A rapid rise
Ever since AMD launched the Zen architecture just over three years ago, it has progressed at a relentless pace. At the time, Intel’s $1,100 8-core i7-6900 seemed like it had all the cores you’d ever need. However, AMD moved the goalposts, unveiling the 8-core Ryzen 7 1800 at a much lower $499 price point. That was followed a little later by the $999 Threadripper 1950X with no fewer than 16 cores.
Intel had already unveiled the 18-core i9-7980XE, but it cost double the price at $1,999. Yes, it had a significant speed edge over the Threadripper 1950X, but AMD was starting to close the gap for multi-threaded workstation CPUs — a key and very profitable market for Intel.
AMD quickly changed the game again with its Zen 1 (second generation) Ryzen and Threadripper CPUs. When it first shipped, the 32-core $1,799 Threadripper 2990X was nearly on par with Intel’s best workstation chips, including the $3,000 28-core Xeon W-3175X.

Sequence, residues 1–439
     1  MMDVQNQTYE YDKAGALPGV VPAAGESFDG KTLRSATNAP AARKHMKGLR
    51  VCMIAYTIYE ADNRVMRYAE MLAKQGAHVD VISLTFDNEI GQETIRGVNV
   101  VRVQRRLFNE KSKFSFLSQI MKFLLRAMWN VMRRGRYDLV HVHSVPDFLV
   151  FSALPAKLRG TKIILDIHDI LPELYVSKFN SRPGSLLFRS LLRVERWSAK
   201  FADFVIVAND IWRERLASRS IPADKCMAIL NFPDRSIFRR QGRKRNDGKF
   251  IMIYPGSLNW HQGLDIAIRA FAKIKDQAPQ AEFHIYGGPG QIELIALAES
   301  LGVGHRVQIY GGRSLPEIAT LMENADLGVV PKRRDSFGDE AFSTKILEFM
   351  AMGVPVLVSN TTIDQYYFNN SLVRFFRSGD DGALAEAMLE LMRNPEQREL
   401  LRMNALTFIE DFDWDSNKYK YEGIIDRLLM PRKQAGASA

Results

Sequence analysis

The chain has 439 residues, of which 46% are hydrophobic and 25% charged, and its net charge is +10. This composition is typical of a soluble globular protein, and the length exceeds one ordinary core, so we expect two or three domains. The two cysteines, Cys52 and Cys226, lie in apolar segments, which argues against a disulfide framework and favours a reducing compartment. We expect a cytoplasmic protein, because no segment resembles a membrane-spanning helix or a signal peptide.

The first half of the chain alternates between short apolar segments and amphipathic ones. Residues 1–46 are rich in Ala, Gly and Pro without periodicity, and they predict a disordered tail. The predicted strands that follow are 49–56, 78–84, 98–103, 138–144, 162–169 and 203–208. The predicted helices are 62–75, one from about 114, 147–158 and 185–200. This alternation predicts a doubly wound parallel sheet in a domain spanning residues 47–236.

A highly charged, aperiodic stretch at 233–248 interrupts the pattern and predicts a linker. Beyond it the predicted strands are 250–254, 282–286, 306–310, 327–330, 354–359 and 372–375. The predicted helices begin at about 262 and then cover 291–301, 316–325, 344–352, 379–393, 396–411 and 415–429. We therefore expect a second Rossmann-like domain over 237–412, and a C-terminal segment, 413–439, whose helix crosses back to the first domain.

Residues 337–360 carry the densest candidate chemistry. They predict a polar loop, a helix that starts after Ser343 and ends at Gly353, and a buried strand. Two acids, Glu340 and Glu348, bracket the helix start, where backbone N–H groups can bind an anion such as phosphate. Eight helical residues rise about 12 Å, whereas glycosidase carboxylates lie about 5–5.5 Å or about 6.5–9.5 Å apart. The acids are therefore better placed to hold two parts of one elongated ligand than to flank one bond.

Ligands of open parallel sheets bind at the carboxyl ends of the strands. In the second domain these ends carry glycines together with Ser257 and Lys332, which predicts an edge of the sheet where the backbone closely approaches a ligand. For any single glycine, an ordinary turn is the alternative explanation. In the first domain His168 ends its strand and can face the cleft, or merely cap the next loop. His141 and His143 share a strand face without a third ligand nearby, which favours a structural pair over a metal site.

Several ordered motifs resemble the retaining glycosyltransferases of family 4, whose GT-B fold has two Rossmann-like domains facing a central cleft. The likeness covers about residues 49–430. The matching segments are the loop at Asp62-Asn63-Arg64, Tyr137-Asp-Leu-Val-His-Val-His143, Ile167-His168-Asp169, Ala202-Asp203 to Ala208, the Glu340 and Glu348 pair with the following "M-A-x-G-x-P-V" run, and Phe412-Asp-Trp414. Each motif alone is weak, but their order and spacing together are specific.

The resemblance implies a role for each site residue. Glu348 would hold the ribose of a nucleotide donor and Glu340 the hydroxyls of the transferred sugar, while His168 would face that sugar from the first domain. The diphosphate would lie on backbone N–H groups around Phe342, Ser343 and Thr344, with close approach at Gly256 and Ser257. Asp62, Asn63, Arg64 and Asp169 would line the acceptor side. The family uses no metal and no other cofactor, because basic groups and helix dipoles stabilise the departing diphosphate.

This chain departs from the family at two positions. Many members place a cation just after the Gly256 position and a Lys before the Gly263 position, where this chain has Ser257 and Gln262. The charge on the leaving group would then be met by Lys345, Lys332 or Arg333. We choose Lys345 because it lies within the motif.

Several months later, Intel launched the $2,000 i9-9980XE. It was still a better option for clock-speed sensitive tasks like Adobe Creative Suite and gaming than AMD’s Threadripper or Ryzen 7 chips, thanks to its stronger per-core performance and better memory architecture. However, the 2990WX could hold its own for multithreaded rendering, thanks to the sheer number of cores, and took the lead in tile-based rendering scenarios like Blender.
When AMD announced the 16-core, Ryzen 9 3950X for just $750, it had good reason to be confident. Some pretty huge architectural improvements and increased clock speeds made performance significantly stronger than the Core i9-9980XE, but at nearly a third of the price. To counter, Intel launched the 18-core Core i9-10980XE and cut the price by half, down to $1,000 — something it wouldn’t have likely done without the competition — but it still wasn’t enough.
AMD has replied again with the 24- and 32-core Threadripper 3960X and 3970X CPUs, priced at $1,399 and…